The third book is probably the most fun, and it is all about a Tegan and Sara tour in Australia. On the tour, everyone in the band kept a journal and kept things like receipts and tickets and Polaroid photos, so I decided to set the whole thing up like a newspaper where everybody was a journalist. This left lots of room for funny headlines, anecdotes, photos…it’s an entertaining read. I loved working on this project and I can’t wait for the fans to have it because it’s a very special package.

The Con and Sainthood were produced by Chris Walla of Death Cab for Cutie, and you created the album cover for his band’s latest release. Tegan has collaborated with Melissa Ferrick and Rachael Cantu, and you have designed artwork for both of these artists. The same can be said of Sara’s collaboration with the Reason, and of collaborations with Vivek Shraya. Has your association with Tegan and Sara led to more clients for you, or are you a music matchmaker for Tegan and Sara?
My association with Tegan and Sara has led to a lot of work for me with other artists. Rachel Cantu was the only musician that connected to Tegan and Sara through me. I think it’s hard for people to find a good designer, kind of like finding a good mechanic, so word of mouth and referrals are a great way to get work.

Do you think the decline in physical CD sales will lead to the death of album artwork? Is the visual presentation of a band or an album more challenging in this digital age?
I do think that the decline of physical CD sales is leading to a lack of interest in album art, but it’s still absolutely imperative to have cover art for your album because you need to be able to market the music, whether it’s digital marketing or print advertising. Everything in between doesn’t get noticed as much anymore, but I think that people have been saying that since the turn away from vinyl. Regardless, there is clearly a lot of sharing and passing around of MP3s without any attachment to visuals. I think that as long as album art is beautiful and creative, people will have an interest in the tangible version.

As the Minister of Tegan and Sara Culture, you have also recently moved beyond album covers and gig T-shirts, and have designed a limited release Tegan and Sara shoe for DC Shoes.
[Laughs] “Minister of Tegan and Sara culture,” I love that! The shoe was a great project. We based the design on a pair of vintage no-name kicks that Sara had, and I even got to design the box. They are quite limited-edition collector’s items at this point.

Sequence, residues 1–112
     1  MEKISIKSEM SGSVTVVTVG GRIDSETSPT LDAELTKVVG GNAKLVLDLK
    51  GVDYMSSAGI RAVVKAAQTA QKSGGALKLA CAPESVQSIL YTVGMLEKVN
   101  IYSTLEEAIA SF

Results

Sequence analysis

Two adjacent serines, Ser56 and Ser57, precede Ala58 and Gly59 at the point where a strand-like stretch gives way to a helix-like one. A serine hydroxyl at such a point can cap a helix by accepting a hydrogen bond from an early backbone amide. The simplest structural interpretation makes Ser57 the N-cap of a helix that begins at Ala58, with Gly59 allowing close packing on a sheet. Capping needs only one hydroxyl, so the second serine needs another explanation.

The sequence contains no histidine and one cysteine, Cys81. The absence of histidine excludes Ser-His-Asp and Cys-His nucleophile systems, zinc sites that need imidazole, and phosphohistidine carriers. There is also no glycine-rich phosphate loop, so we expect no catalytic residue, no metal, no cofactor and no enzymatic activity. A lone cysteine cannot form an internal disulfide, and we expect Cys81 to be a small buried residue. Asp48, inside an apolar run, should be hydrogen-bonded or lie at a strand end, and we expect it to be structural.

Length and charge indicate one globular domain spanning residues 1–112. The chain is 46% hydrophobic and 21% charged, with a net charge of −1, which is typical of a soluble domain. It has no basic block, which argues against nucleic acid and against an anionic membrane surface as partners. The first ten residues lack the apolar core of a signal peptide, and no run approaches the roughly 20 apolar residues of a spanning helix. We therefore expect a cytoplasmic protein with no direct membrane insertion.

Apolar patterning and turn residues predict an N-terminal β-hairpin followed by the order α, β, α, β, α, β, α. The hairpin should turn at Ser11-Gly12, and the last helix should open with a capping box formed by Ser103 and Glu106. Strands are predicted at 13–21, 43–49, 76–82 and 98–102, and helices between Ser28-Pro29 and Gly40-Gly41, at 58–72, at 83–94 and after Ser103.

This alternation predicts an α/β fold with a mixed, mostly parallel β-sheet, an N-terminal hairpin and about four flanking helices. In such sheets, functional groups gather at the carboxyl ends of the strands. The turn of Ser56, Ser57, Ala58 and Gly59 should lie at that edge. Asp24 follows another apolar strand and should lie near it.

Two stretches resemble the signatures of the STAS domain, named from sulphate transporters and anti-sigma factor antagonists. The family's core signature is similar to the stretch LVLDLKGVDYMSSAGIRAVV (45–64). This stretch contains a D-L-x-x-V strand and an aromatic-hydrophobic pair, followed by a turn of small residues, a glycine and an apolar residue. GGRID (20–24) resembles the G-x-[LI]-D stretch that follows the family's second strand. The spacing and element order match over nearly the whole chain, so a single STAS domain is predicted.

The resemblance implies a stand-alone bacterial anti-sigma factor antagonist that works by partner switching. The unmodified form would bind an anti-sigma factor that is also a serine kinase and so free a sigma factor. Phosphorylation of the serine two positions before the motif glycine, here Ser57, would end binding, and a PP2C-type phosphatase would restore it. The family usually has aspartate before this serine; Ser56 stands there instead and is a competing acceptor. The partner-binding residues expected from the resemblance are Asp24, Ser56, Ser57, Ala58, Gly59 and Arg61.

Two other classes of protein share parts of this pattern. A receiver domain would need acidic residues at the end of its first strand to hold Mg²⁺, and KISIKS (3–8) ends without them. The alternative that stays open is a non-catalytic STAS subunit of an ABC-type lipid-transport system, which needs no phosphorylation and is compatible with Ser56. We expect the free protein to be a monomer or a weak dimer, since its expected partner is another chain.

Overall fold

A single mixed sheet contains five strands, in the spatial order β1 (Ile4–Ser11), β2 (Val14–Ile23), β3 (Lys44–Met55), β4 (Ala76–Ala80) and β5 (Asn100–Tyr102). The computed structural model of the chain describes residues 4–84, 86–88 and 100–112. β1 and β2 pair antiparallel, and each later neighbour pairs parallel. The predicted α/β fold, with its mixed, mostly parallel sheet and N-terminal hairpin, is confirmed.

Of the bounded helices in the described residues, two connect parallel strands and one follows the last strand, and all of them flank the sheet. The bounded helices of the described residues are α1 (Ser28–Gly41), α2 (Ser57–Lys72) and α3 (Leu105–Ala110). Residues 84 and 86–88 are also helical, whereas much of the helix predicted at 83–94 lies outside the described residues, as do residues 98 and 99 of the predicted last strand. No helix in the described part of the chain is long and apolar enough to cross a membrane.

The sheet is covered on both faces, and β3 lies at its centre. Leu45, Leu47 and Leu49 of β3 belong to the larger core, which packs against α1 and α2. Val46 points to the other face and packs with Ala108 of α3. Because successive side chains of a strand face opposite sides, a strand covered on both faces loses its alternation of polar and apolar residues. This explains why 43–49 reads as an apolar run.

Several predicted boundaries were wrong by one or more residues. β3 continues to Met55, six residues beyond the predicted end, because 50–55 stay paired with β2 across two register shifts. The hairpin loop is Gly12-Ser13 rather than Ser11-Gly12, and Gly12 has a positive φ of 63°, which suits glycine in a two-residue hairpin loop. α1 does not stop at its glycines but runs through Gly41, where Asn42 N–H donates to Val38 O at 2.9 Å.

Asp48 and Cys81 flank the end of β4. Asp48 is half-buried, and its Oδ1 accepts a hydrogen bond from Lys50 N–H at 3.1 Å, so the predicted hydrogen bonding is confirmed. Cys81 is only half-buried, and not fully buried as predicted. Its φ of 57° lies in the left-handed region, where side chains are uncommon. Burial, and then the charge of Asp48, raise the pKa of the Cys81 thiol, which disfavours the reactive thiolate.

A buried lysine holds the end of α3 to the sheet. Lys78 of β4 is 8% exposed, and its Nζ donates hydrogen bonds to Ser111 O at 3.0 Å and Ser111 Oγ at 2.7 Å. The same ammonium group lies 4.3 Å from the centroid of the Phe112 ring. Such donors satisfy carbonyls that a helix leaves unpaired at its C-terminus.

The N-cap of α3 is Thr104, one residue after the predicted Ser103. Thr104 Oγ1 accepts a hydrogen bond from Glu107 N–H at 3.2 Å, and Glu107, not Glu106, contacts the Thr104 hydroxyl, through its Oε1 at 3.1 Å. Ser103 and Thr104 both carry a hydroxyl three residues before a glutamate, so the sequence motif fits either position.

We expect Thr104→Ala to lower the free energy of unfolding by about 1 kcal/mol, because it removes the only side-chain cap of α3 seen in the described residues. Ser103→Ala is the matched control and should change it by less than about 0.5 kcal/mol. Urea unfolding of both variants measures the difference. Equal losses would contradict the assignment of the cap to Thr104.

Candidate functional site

You were also involved in designing Tegan and Sara’s shoes for Macbeth Footwear.
Yes, I designed those shoes as well. It was very fun working with the Macbeth people. Both Tegan and Sara had special requests for their shoes, so I pretty much designed them to order.

As a child, you wrote a book entitled Attack of the Killer Barbie, so you were obviously both artistic and political at an early age. What first inspired you to become an artist?
My dad was a creative inspiration when I was a kid. He worked as a graphic designer but did all sorts of woodworking, sewed me dresses, built a strip cedar canoe, rebuilt a TR3—his resourcefulness and do-it-yourself attitude really rubbed off on me. Also, I was always obsessed with materials and used to collect scraps of everything. I loved to draw and make elaborate seasonal displays in my room. I also used to read a lot of craft books. The Attack of the Killer Barbie book, I wrote in the fourth grade and it was the first thing I made that received attention, outside my family. As a little tomboy it was an obvious topic to address in an illustrated novella; nobody told me at the time that it was a feminist statement. Regardless, the whole experience really encouraged me to be clever in my work.

What some of the political and nonprofit endeavors that you have used your artistic gifts to promote.
While attending design school at Concordia University in Montreal, there was some focus on being a conscious designer, which I think was some kind of encouragement for us students to not all sell out in the future. It was sort of this abstract idea for a lot of people, like if you weren’t doing ads for an eco-friendly product, there were no other options. It was through my political organizing work and not really through my design education that I learned how design is a crucial element of any political movement, just as it is crucial to the success of a product in the marketplace. When I’m doing organizing work with a group of people, it’s really exciting to be able to share these skills. For example, when I moved to Montreal I started learning about the Black Panthers, political prisoners, prisoner justice issues and antiracism. This was interesting because I was basically learning about the U.S. “(in)justice” system from Canada. I hooked up with a group of people at certaindays.org and designed calendars to support the struggles of political prisoners. I also did design work and skills sharing at an incredible organization in Montreal called the Immigrant Workers Center, and I’ve worked with a transsexual and transgender health organization called ASTT(e)Q. We put out a series of pamphlets on trans health, where the whole theme was trans superheroes, so the art was very comic book-esque. Lately I’ve been doing lots of odds and ends design for a LGBTTIQ youth advocacy and support center called Project 10 at myspace.com/p10montreal, and I’m also on their Board of Directors.

Do you have an all-time favorite album cover?
Basically this is a trip through my parents’ record collection. I was fascinated by Sgt. Pepper’s Lonely Hearts Club Band, by the full record art of the Who’s Quadrophenia and by all the Led Zeppelin art, to name a few. I also tend to love the covers for the Blue Note recordings.

What’s next for you?
I just finished a thing for Soundscreen Design called the Artist Music Journal Series. It’s so exciting to be a part of this project.

Now that most of the Tegan and Sara stuff is done, I’m going to finally have some time this winter to work on my own projects such as totally redoing my online store and website, making new art and expanding some ideas I’ve only been able to half work on for a very long time. It’s time to regroup, build skills and hopefully be more creative and effective than ever.